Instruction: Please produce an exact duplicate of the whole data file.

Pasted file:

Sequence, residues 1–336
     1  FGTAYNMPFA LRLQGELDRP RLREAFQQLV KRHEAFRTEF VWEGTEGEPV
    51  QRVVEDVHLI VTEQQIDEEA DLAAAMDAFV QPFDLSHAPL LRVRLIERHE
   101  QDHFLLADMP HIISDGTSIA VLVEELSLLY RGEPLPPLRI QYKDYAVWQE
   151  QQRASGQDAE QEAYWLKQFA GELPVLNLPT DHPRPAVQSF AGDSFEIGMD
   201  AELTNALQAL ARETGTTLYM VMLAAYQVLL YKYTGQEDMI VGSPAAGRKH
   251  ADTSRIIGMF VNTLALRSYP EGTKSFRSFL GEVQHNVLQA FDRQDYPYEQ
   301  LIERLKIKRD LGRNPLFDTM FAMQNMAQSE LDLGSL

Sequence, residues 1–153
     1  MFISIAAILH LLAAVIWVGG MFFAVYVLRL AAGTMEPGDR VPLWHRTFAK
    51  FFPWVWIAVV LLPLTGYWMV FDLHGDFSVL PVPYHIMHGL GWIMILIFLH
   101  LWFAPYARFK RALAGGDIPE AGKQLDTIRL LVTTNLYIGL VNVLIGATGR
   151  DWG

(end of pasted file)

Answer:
Sequence, residues 1–336
     1  FGTAYNMPFA LRLQGELDRP RLREAFQQLV KRHEAFRTEF VWEGTEGEPV
    51  QRVVEDVHLI VTEQQIDEEA DLAAAMDAFV QPFDLSHAPL LRVRLIERHE
   101  QDHFLLADMP HIISDGTSIA VLVEELSLLY RGEPLPPLRI QYKDYAVWQE
   151  QQRASGQDAE QEAYWLKQFA GELPVLNLPT DHPRPAVQSF AGDSFEIGMD
   201  AELTNALQAL ARETGTTLYM VMLAAYQVLL YKYTGQEDMI VGSPAAGRKH
   251  ADTSRIIGMF VNTLALRSYP EGTKSFRSFL GEVQHNVLQA FDRQDYPYEQ
   301  LIERLKIKRD LGRNPLFDTM FAMQNMAQSE LDLGSL

Sequence, residues 1–153
     1  MFISIAAILH LLAAVIWVGG MFFAVYVLRL AAGTMEPGDR VPLWHRTFAK
    51  FFPWVWIAVV LLPLTGYWMV FDLHGDFSVL PVPYHIMHGL GWIMILIFLH
   101  LWFAPYARFK RALAGGDIPE AGKQLDTIRL LVTTNLYIGL VNVLIGATGR
   151  DWG